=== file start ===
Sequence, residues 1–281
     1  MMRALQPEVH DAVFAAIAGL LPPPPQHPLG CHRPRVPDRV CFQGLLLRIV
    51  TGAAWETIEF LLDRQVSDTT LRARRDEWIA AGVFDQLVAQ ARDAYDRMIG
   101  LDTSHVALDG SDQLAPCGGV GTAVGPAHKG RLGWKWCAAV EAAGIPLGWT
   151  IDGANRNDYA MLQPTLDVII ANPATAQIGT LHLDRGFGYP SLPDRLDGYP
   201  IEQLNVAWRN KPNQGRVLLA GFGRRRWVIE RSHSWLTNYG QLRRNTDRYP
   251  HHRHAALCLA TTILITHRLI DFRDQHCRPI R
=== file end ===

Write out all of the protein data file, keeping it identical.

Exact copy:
Sequence, residues 1–281
     1  MMRALQPEVH DAVFAAIAGL LPPPPQHPLG CHRPRVPDRV CFQGLLLRIV
    51  TGAAWETIEF LLDRQVSDTT LRARRDEWIA AGVFDQLVAQ ARDAYDRMIG
   101  LDTSHVALDG SDQLAPCGGV GTAVGPAHKG RLGWKWCAAV EAAGIPLGWT
   151  IDGANRNDYA MLQPTLDVII ANPATAQIGT LHLDRGFGYP SLPDRLDGYP
   201  IEQLNVAWRN KPNQGRVLLA GFGRRRWVIE RSHSWLTNYG QLRRNTDRYP
   251  HHRHAALCLA TTILITHRLI DFRDQHCRPI R